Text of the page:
The PC's fall from popularity helped drive a hard-hit Dell to take itself private, but the computer maker now sees signs its business is turning around.» Read More
Our traders reveal the objects of their affection - and the objects of their scorn!
The head of the mobile phone unit at Samsung Electronics ruled out acquiring Motorola's handset business, saying Samsung has little to gain from the combination, Yonhap Newsreported on Tuesday.
T. Rowe Price's David Giroux says the recent market volatility has punished some promising stocks unfairly. "We see tremendous value, and not a lot of downside," he told CNBC -- and named his favorites now.
U.S. computer maker Dell said on Friday that it was offering the majority of its consumer personal computers with Advanced Micro Devices chips through retail stores and by phone rather than the Internet.
Legendary investor Carl Icahn details his battle to break up Motorola. Should you trade alongside this Wall Street dynamo?
It is a stunning move by the pioneering name in mobile phones and the best data yet about just how deep the company's problems run: Motorola announced late Thursday that it is seeking alternatives for its handset business that likely will mean a sell-off of the division.
Sure we keep hearing about the iPhone and the iPod, oh, and the Mac as well, but while we're fixated on where Apple's products have been, a new study suggests where Apple's spacer products are going, and it can be summed up in one word: Mac.
With the big game just around the corner, here are some of the companies that are primed for big business on the back of Super Sunday.
Lenovo Group beat expectations by nearly tripling quarterly earnings, riding strong demand for PCs in Asia, but the world's No. 4 PC maker faces a tough 2008 as a U.S. slowdown threatens to curb spending.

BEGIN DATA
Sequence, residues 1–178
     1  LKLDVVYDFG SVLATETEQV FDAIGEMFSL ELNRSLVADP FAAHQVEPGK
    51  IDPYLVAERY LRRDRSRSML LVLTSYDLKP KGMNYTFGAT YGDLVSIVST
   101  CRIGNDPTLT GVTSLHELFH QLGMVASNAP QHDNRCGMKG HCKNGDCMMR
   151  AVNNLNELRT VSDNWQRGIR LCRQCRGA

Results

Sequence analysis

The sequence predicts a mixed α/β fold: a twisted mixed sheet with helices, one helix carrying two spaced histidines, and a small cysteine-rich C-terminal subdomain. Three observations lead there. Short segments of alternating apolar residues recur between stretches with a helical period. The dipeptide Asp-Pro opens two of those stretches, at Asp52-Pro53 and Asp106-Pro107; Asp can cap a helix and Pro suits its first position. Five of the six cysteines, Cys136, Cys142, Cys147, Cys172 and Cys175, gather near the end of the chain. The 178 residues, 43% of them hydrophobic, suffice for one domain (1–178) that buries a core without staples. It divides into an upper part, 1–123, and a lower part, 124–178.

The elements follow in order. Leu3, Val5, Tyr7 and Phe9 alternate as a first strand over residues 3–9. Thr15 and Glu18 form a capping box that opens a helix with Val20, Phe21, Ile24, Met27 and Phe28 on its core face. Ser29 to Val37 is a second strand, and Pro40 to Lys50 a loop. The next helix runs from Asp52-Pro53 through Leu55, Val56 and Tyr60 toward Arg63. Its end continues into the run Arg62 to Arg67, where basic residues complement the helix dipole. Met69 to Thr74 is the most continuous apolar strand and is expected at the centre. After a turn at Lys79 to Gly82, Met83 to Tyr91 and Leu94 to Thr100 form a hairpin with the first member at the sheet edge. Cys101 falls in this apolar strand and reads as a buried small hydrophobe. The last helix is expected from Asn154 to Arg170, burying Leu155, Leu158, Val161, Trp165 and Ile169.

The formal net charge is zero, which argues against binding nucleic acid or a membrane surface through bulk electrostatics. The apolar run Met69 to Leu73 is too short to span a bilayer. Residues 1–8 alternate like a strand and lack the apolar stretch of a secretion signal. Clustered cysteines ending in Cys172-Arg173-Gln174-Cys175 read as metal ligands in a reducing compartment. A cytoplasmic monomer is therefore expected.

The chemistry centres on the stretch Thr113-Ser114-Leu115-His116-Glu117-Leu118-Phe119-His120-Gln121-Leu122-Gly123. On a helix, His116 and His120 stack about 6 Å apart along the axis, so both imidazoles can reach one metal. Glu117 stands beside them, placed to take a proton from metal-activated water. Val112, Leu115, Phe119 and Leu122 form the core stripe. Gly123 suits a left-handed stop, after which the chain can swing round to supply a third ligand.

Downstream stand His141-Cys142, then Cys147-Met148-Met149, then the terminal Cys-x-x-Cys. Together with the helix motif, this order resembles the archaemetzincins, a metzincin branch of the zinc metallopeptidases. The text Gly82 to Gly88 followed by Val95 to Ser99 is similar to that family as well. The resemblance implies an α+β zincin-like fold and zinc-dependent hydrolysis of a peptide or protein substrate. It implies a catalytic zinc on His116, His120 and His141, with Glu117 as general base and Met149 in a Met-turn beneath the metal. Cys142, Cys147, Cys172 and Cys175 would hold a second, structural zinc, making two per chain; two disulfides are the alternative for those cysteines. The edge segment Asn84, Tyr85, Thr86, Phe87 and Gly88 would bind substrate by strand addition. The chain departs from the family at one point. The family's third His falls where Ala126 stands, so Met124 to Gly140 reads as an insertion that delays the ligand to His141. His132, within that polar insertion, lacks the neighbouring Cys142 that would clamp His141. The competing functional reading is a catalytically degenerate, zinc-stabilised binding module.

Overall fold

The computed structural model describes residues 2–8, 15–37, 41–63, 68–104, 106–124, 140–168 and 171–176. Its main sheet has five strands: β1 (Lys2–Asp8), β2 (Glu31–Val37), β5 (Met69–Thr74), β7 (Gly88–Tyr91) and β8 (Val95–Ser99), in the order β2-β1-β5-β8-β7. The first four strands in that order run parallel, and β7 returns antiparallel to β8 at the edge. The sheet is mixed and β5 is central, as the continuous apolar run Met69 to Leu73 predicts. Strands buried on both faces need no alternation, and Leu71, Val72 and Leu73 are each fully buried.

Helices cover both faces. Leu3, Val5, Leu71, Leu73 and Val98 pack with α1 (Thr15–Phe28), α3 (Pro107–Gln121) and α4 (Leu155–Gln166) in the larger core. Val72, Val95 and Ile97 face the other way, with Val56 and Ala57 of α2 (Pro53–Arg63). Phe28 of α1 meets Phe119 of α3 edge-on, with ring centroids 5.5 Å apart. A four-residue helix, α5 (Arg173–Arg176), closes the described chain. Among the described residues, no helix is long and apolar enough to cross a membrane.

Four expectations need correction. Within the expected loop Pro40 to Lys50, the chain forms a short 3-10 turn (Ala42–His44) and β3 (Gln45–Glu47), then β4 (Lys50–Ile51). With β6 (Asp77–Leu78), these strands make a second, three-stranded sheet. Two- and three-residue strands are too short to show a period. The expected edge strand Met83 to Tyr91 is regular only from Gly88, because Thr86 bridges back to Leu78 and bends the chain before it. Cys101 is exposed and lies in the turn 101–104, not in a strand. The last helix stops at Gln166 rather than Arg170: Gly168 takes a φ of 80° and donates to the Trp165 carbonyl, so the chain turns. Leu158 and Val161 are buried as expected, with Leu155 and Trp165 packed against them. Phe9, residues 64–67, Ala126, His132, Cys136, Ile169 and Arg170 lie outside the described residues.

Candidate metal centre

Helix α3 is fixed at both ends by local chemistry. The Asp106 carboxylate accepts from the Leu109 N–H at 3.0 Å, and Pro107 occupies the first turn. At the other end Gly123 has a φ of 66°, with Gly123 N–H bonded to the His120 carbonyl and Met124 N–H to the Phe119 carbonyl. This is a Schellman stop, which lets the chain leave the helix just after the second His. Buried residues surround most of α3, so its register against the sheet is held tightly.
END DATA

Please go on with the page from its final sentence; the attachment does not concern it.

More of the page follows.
While a panel discusses the interdependence of world economies and a lesser reliance on the U.S. consumer to drive growth, the financial and investing gurus in the hall watch stocks tumble on the prospect of a U.S. recession.
Cramer makes the call on viewers' favorite stocks.Investing can be confusing. Luckily, Cramer has mapped out some road rules for all you Home Gamers trying to navigate the jungle that is Wall Street. Think of it as "Mad Money 101" –- some fundamental advice to keep in mind as you play the market. Whether you're a first time investor or a seasoned financier, it's always good to remember the basics.
Stocks went into another free-fall, suffering their biggest decline so far this year, as worries about the economy and subprime crisis overshadowed efforts by Washington to prevent a possible recession.
Stocks closed lower after another volatile day of trading amid weak earnings from Intel and continued concern over the economy.
Ouch. There's really no other way to summarize Intel's earnings, and there's little question that Intel's softness took Wall Street by surprise. Just look at the shellacking these shares are taking today. But is the selloff warranted, or -- like so many other moves to the downside in recent weeks among the top names in tech -- is the Intel drubbing overdone?
Disappointing holiday shopping numbers and Citigroup's first-ever quarterly loss tore through the stock market Tuesday, sending shares of retail and banking stocks well lower while all 30 Dow components traded to the negative side.
Is the U.S. market getting beaten-up enough to get interesting? Strategists at Credit Suisse seems to think so. They are recommending a 5 percent overweight in U.S. stocks because the Fed is likely to cut rates to respond to the slowing economy quicker than their European counterparts.
Small businesses exhibiting at CES can get lost in the crowd but hard work and the right strategy can help their products stand out.
What's the trade heading into next week's Consumer Electronics Show also known as the CES?
U.S. stocks ended the day flat but there was plenty of action as oil passed through par, gold hit a new high and Bed Bath & Beyond put up "beyond" bad numbers. All that and more in the "Word on the Street."
China's Lenovo Group introduced its first consumer computers in the United States on Wednesday, expanding in a region it entered in 2005 with the purchase of IBM's PC business.